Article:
SALT LAKE CITY — Jewell James, a Native American totem carver from the Lummi Nation in Washington, has been delivering totems around the country to help people in the midst of hard times since 9/11.
When Bears Ears National Monument was reduced in 2017, James and his organization, the House of Tears Carvers, wanted to extend a gesture of unity to the native tribes in Utah and started carving and painting a bear totem.
"We've been battling for sacred sites and places, and we see the Bears Ears was being attacked, and on the potential list for being cut, and so we consider that a message," he said.
"All of us as indigenous people use symbols and colors, and the way we put them together can tell a story of our relationship with the earth," he said Thursday during a ceremony at the Urban Indian Center in Salt Lake City as he presented the totem to about 40 community members.
"We're in a battle to save the earth. And so if we can find a log and dedicate that tree's life to some cause, then that's what we believe in," James explained.
The colorful, earth-toned totem stands over 9 feet tall and weighs more than a ton, according to Utah DinéBikéyah, a nonprofit group of native tribes fighting to protect Bears Ears.
In April, the group appealed to an independent expert with the United Nations Human Rights Council to order the United States to respond to what it sees as ongoing human rights violations happening at Bears Ears National Monument, including grave robbing and looting of cultural artifacts.
Thursday evening, the smell of smoke hung in the air as the giant bear, which remained at rest in a pick-up truck, was blessed in a reverent ceremony in the center's parking lot. Representatives from a few tribes gave remarks about what the totem symbolizes.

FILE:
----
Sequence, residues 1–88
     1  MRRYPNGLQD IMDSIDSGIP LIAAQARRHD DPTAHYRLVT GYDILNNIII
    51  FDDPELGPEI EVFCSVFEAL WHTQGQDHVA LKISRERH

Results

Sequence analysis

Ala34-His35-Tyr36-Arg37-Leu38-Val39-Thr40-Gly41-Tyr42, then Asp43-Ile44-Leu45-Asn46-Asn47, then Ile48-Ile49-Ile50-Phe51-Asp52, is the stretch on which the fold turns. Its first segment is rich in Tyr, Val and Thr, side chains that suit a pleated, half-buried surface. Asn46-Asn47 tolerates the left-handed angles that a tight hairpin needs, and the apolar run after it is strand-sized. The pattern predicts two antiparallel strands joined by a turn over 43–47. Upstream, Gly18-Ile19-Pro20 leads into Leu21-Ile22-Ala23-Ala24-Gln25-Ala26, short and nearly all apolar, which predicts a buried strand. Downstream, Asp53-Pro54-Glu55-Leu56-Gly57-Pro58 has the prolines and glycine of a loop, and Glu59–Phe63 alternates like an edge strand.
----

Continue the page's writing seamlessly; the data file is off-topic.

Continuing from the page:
James said the totem symbolizes tribes' unity.
Braiden Weeks, a descendent of the Ute tribe who is a part of Utah DinéBikéyah, says he traveled with the Lummi and the totem. During that travel, he felt a sense of "unity" and "coming together."
He said in San Juan County there are tensions between Native American and non-Native American residents.
"I'm hoping that this will bring the medicine, that it will bring the unity to both," he said.
He said conflict over the Bears Ears monument is only a "symptom" of tensions between groups. "There's much deeper conflict going on there, and I'm hoping this will help the sides come together and find a way forward together."
According to James, "All the indigenous people of North America are connected."
"We might call ourselves by a different name, we might be in a different environment. Song, dance, legend, myth, symbols are woven into our life. And they weave our teachings together," he said.
James said while the carvers were working on the bear, something miraculous happened.
"When we heard about Bears Ears and when we were carving this totem, for the first time in decades, we had bears come to Lummi. They actually came to Lummi … all during the time we were carving this … they were all over the reservation," he recalled.
He said it had been 60 years since they had seen a bear in the area. "We take it as a sign that we're doing the right work," James said.
Alan Naumann, a supporter at the event and lover of Bears Ears, said he enjoyed James' story about the bears showing up while he was working on the totem.Comment on this story
"It's the similar philosophy of what you put your attention on, you get more of," he said. "And that's what impressed me the most. You think about bears, you want bears, you want Bears Ears, you'll attract bears and other people interested in bears. And it just goes together logically. … It feels more possible," he said.
The bear totem will stop again at the Bears Ears meadow during the 2018 Summer Gathering before it makes its way to the Southern Ute Museum in Ignacio, Colorado, where it will reside until it finds a permanent den.